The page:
[From the bay, June 2011.]
Strange days in San Francisco: it’s pouring down rain this morning (locals know what an anomaly this is; we’re solidly in summer now, and July looms in just a few days. So rain? Shouldn’t be anywhere on the forecast.) and I can’t run due to an inexplicable and frustrating shin splint injury. In other words: the world is a bit tilted today, and not just because my internal equilibrium got reordered after a sail last week in a little boat that swooped and swept around AT&T Park and under the Bay Bridge up to Pier 39, all of us clinging to the ropes at certain moments when the wind picked up and the boat went nearly horizontal, remarking on what a perfect! day it was to be out on the water.
Sweet, sweet Friday afternoon, post-work barbecue on the roof (I made mac + cheese), after a very long week, after cursing my existence due to unexpected and terribly painful shin splints, I was unexpectedly given the gift of that sail. I almost didn’t take it — I was limping around the office with an ice pack affixed to my poor, bruised calf, all woeful-like and thinking the only thing I wanted to do was to go home and lie on the couch feeling sorry for myself. But when you’re offered an opportunity to go out on the San Francisco Bay with your favorite person (plus a few others), you can’t not take it. Can you imagine? I’d never have forgiven myself. And it was gorgeous — “all sun and air and sparkle,” to quote my beloved Jack London, and pelicans skimming low above the water and the city shining in the blue-gold light of late afternoon like it was the only city in the world.
And so I put this here as a note to clutch on to when things seem bleak: don’t give in when initially daunted. This applies to spontaneous sailing adventures, life in general — and baking.
Case in point: a few weeks ago (yes, I do realize I am still neglecting my little corner of the Internet; apologies all around, dear blog) I decided to bake banana bread because San Francisco was a bit foggy and windy, and you know what I like to do when it’s like that: turn on the oven and make something sweet and comforting. Also I had a few bananas not-so-slowly browning on the counter and it was one of those moments of serendipity — ripe bananas + chilly eve = banana bread — that can yield the finest results.
So I tripped happily about my kitchen slapping together whole wheat and white flours, a bit of brown sugar, some walnuts. I mashed the bananas well with a fork and stirred in the requisite amount of vegetable oil. I reached for the eggs to add in, too, but realized — there were no eggs! It was my own fault but I was peeved; how could I be out of eggs? And relatedly: why can’t I keep track of anything anymore? (Lists, it’s true, keep me organized but I find them so terribly bo-ring to create.)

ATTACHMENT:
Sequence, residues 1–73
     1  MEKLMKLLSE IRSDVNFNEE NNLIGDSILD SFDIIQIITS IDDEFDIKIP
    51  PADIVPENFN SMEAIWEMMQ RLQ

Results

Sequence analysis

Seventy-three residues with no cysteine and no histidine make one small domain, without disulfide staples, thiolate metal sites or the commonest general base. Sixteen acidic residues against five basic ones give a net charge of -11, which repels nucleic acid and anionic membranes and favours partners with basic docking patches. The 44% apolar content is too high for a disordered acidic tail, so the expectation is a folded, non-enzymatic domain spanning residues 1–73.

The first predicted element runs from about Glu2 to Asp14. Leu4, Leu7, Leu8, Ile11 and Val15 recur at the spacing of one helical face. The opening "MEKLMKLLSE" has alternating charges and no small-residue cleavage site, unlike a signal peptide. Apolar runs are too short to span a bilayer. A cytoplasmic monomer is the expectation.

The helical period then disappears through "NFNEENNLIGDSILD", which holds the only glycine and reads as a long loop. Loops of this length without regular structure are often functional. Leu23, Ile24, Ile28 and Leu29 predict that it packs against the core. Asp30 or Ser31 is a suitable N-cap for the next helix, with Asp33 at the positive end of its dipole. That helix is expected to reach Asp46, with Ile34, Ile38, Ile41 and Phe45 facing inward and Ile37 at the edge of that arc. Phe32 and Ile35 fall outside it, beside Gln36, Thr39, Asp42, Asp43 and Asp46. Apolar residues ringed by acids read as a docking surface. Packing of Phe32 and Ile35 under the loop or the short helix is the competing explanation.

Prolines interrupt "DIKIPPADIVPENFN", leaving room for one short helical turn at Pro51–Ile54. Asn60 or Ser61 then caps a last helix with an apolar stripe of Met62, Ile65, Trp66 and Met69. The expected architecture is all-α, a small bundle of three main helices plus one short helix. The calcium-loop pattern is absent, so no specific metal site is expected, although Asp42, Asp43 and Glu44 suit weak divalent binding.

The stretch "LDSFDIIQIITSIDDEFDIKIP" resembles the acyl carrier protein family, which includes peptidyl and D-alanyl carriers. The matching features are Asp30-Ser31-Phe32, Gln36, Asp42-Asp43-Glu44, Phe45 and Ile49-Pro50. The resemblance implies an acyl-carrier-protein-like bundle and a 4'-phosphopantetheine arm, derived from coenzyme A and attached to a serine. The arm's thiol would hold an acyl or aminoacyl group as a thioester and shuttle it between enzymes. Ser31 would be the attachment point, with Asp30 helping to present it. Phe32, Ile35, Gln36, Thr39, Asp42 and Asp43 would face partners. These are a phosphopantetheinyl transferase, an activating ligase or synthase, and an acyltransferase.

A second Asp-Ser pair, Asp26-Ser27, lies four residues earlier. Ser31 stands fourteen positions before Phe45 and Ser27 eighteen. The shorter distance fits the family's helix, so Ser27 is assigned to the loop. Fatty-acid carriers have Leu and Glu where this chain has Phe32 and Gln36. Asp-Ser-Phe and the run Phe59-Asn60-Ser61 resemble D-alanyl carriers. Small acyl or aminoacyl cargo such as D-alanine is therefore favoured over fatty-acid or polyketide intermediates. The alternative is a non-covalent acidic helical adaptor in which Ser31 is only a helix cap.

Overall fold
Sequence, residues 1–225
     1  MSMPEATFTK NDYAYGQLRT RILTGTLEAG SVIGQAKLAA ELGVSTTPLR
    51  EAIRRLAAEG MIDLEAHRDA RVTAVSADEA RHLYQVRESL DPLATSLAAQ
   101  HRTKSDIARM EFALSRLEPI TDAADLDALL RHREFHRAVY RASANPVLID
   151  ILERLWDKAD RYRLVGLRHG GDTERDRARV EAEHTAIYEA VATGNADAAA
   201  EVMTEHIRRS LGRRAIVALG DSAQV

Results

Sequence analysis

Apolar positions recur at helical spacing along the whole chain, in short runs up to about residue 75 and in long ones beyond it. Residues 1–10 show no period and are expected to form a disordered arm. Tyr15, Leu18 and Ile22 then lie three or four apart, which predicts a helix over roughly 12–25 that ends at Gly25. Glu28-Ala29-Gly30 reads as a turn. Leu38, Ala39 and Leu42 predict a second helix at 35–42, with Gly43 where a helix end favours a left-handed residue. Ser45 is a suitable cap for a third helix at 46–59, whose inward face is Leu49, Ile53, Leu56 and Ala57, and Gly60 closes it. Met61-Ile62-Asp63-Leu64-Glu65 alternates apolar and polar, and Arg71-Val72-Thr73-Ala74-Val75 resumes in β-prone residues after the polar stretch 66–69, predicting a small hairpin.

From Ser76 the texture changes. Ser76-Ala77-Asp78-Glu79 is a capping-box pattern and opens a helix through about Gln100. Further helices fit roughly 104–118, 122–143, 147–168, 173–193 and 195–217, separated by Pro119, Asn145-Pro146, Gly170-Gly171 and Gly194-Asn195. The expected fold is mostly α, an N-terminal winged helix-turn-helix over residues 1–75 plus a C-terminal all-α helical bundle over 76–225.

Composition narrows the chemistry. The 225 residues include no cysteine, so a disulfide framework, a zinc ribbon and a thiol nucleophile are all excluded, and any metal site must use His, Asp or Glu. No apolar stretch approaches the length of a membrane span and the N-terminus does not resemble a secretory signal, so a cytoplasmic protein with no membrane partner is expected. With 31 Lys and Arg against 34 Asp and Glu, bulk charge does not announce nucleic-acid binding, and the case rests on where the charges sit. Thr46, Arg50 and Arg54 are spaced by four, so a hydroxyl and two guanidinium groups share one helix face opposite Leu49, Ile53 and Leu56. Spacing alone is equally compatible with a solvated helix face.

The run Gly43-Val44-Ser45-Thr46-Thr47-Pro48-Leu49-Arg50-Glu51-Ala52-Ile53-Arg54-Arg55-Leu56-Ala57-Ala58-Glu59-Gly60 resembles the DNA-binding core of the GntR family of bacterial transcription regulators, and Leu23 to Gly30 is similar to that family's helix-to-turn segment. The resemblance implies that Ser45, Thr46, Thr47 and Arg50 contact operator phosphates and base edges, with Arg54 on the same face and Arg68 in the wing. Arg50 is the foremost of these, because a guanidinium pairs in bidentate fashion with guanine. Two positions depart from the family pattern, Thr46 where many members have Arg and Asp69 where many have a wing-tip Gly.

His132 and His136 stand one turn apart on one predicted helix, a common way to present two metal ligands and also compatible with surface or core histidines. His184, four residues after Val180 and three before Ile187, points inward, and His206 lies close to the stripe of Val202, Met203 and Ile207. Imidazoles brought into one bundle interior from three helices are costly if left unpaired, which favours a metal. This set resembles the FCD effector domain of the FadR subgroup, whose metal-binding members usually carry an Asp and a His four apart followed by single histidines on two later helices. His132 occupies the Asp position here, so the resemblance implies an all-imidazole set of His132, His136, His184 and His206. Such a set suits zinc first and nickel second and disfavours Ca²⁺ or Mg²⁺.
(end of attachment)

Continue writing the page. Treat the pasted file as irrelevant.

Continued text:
But I decided to just go for it — I am, after all, a fan of vegan baking and have created quite a few concoctions that have turned out pretty spectacularly if I do say so myself (ginger cookies, chocolate cake, peanut butter cookies just to start) and I had the batter nearly finished. It would have been a waste to discard it. So on I forged, forgoing the egg and adding a handful of blueberries at the last minute and you know what? The loaf turned out great. Perhaps it was more dense without the fluffiness lent by the egg; perhaps it was a bit more sticky (but I like sticky). I was so pleasantly surprised that I actually wrote down the recipe so that I might make it again — for me, this is the true test.
It’s a simple recipe, and very forgiving as well as inclusive. Sometimes I like to add a few tablespoons of cocoa powder instead of chocolate chips just to give it that note of smoky-sweet chocolate without being overwhelmingly chocolate (although other times I do want that solid chocolate crunch), and I love to stir in a generous cup (or more) of those tiny, tender wild blueberries (I get ’em frozen from my organic market). Nuts are a must, most usually walnuts but also slivered or sliced almonds or perhaps pecans. And the inclusion of maple syrup serves to give a hint of natural sweetness and works as a binder to hold the batter gently together.
It was best the next morning, toasted, and nibbled alongside a cup of tea. As I drink my coffee this morning I’ve a hankering for it, as my bowl of breakfast oatmeal has long since been digested and I’m experiencing the first ‘elevenses‘ hunger pangs while casting around for a snack idea that’s semi-healthful and also filling. Such a fine line, but I think this banana bread would do the trick nicely.
So here’s to forging on — through rain, through stupid injuries, through the summer doldrums, through a lack of eggs in the fridge. I shall try to make the best of whatever comes my way, hoping for more spontaneous sails, a speedy return to form, and more banana bread, as much as I can stand.
1 cup whole wheat pastry flour
1/2 cup all-purpose flour
1 1/2 tsp. baking powder
1/4 tsp. baking soda
1/2 tsp. ground cinnamon
1/4 tsp. ground nutmeg
1 tsp. ground ginger
1 cup mashed bananas (3 medium)
1/2 cup maple syrup
1/4 cup brown sugar
1/4 cup vegetable oil
1 cup fresh or frozen blueberries
options: 1/2 cup chopped walnuts; handful chocolate chips
Preheat oven to 350 F. Grease the bottom and sides of a loaf pan. In a medium bowl, combine the flours, baking powder, baking soda, spices, and 1/8 tsp. salt. Make a well in the center of the dry mixture and set aside.
In another bowl, combine the mashed bananas, maple syrup, brown sugar, and oil. Add the wet mixture all at once to the dry mixture and stir until just moistened. Fold in walnuts or chocolate chips, if using.
Bake in the prepared pan for about 50-55 minutes or until a toothpick inserted in the center comes out clean. Cool in pan for 10 minutes then remove from the pan and cool on a wire rack (note: I just let it sit in the pan until it’s cool). Wrap and store the loaf overnight before slicing.